- In a direct appeal of a criminal conviction and in some post-conviction proceedings (see Appellate Defender)
- If you are civilly committed (see Special Counsel)
A. You are not entitled to appointment of an attorney in the types of cases below:
- Traffic Infractions
- Parking Tickets
- DMV hearings
- Divorce, equitable distribution and child custody
- Petitioning the court to return property after the disposition of a case
- Most civil matters where you want to sue someone or someone is suing you, including small claims, districts and superior courts and any appeals from these civil courts
- Gun permits or denial or gun permits
You may be able to get help by contacting a legal aid service provider.
You ask. For a pending criminal case, the usual process is for the judge at your first court appearance to offer you three choices about counsel:
- Request court-appointed counsel;
- Find, hire, and pay for your own attorney; or
- Represent yourself.
If you ask for court-appointed counsel, you must fill out an affidavit of indigency. This is a paper on which you tell the court how much money you have, what assets (a car, a house) you have and what you pay for rent, child support and other expenses. You will swear that your answers are true and could be prosecuted for perjury of you lie about any of these things. The court will review this affidavit of indigency and either approve your request or deny it.
No. If you plead guilty or are found guilty or if you are not successful in your appeal for which you have an appointed attorney, you may be required to pay back the State which pays your attorney, plus the $75 fee for having an appointed attorney. NOTE: if you are a juvenile in juvenile court, your parents/guardians are responsible for paying back any attorney fees.
A. If you presently are not able to hire an attorney but think that you might be able to or that your family might be able to help you hire an attorney in the future, you should consider asking the court to appoint you an attorney now. There are many ways an attorney may assist you at the early stages of your case. If you are later able to hire the attorney of your choice, you can ask your appointed attorney to withdraw.
A. No. This is an IDS Rule to avoid the situation where it looks like an attorney might “try harder” if they were paid upfront by you.
A. You should discuss this with your appointed attorney. You may still be indigent and entitled to appointed counsel. If you are not, your attorney is legally required to tell the court and withdraw from the case.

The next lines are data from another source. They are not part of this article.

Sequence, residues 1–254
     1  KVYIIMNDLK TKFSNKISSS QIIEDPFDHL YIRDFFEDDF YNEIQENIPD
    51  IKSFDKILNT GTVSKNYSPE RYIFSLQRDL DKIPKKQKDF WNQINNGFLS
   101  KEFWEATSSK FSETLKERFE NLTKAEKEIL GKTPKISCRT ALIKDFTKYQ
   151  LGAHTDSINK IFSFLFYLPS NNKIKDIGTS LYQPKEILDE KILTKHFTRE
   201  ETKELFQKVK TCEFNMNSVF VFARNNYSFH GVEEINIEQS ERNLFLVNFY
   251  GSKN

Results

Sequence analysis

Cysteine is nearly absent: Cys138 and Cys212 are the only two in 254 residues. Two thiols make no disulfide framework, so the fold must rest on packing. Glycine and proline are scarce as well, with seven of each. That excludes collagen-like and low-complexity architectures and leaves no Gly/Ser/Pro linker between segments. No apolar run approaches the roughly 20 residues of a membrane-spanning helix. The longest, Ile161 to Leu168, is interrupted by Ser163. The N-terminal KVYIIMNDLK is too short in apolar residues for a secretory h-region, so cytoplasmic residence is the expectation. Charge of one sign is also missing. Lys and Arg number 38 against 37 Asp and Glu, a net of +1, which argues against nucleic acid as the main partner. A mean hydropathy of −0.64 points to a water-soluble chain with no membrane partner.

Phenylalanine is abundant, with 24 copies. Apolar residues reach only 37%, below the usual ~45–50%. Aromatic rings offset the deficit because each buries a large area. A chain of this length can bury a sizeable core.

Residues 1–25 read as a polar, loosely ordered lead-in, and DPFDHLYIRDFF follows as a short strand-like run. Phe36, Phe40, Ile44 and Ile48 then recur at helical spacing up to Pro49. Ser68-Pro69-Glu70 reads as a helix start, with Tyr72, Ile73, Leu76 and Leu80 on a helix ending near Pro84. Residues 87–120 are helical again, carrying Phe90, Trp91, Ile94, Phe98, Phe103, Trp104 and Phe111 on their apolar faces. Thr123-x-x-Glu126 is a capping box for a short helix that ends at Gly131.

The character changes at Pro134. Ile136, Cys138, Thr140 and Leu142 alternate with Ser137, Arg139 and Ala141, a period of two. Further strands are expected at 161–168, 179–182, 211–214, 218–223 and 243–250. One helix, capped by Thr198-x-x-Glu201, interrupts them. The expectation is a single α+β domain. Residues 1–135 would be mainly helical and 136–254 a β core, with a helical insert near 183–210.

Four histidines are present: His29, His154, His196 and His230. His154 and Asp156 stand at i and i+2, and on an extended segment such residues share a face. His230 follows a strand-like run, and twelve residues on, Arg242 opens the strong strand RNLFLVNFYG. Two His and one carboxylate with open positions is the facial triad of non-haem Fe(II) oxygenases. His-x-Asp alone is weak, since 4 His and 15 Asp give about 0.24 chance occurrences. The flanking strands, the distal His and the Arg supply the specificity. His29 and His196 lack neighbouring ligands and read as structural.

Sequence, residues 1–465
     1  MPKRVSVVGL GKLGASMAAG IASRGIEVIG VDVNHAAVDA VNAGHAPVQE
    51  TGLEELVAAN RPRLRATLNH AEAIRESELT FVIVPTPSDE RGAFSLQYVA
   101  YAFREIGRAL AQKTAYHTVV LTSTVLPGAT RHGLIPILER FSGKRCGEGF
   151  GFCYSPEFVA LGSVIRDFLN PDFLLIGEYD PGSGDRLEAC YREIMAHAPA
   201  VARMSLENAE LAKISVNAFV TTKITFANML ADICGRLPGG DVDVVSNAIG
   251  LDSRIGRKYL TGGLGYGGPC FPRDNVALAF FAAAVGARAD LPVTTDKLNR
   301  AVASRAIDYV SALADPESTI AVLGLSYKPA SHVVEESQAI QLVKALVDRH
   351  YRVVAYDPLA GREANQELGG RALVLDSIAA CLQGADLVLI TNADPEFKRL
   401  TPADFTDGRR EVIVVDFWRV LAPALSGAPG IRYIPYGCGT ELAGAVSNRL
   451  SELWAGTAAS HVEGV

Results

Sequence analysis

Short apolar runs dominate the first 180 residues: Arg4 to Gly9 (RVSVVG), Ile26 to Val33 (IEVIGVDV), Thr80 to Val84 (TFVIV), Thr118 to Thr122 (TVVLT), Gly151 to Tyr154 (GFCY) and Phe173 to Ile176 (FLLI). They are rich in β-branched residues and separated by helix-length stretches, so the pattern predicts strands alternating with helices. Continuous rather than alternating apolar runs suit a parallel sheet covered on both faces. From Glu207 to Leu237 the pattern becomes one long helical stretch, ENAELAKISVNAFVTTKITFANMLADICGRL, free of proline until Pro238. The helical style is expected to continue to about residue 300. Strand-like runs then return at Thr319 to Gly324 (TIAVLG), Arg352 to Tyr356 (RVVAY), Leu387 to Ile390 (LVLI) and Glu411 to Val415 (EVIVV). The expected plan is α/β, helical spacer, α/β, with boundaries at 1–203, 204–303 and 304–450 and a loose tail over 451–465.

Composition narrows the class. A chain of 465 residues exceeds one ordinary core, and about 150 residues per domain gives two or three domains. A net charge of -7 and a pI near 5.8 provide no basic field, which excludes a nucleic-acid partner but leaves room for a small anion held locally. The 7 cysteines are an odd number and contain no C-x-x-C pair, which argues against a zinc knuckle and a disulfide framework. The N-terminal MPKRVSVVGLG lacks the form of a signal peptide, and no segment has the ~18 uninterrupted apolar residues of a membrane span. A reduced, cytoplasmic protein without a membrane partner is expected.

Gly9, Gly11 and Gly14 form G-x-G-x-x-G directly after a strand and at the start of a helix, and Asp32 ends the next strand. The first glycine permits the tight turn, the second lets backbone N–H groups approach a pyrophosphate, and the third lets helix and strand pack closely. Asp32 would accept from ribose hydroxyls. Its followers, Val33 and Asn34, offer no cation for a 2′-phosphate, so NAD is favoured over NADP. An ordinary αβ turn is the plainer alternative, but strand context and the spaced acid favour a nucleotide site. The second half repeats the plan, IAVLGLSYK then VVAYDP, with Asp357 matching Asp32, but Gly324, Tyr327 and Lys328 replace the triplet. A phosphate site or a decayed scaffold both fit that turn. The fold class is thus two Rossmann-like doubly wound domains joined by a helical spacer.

A. No. Once you are represented by any attorney, either appointed or retained, another attorney, public defender or court-appointed, should not speak with you absent that attorney’s permission.
A. An attorney may be appointed for children facing criminal charges. Contact the Office of the Juvenile Defender for more information.
A. An attorney may be appointed for a parent facing action by DSS. The Office of Parent Representation may provide more information.
A. NC IDS is only for matters involving state courts. You will be advised of your rights to an attorney in federal court. See the webpage for the Federal Public Defenders: https://nce.fd.org/
A. No. The current state of the law is that the government does not have to provide counsel. You are allowed to hire an attorney but you are not entitled to an appointed attorney at any stage for immigration cases.
A. Generally, no. You may seek the advice of outside private counsel. You should not speak to anyone but a lawyer about the facts of your case. If someone from law enforcement is seeking to speak to you, you should tell them you want an attorney with you and that you are waiting for the appointment of counsel. Law enforcement is not allowed to speak to you once you have invoked your right to counsel
A. There are several miscellaneous proceeding in which counsel may be appointed:
1. When law enforcement has seized property from an unknown or unapprehended defendant, or from a defendant willfully absent from the jurisdiction, and the lawful owner petitions a court for return of the property pursuant to G.S. 15A-11.1(b);
2. Cases in which a person is subject to a non-testimonial identification procedure under G.S. 15A-279(d);
3. Cases in which a material witness appears for a hearing on a motion for an order assuring his or her attendance at a criminal proceeding under G.S. 15A-803(d);
4. Cases in which a criminal defendant elects to represent himself or herself and the court determines that standby counsel should be appointed pursuant to G.S. 15A-1243;
5. Cases in which a person is taken or charged on any order of arrest for default of bail, or on surrender of bail, or in execution of arrest for any debt or damages rendered in any action, and such person petitions the court for provisional release pursuant to G.S. 23-30.1;
6. Cases in which a minor has been voluntarily admitted to a mental health or substance abuse facility pursuant to G.S. 122C-224.1;
7. Child support contempt proceedings in which the defendant faces a sentence of actual imprisonment (see Parent Rep page)See McBride v. McBride, 334 N.C. 124, 431 S.E.2d 14 (1993)(finding right to counsel whether contempt proceeding is designated as civil or criminal).
8. Judges may appoint counsel to represent minors seeking to be married (G.S. 90-21.8(c); 7A-451(a)(16)) or minors seeking an abortion (G.S. 90-21.7).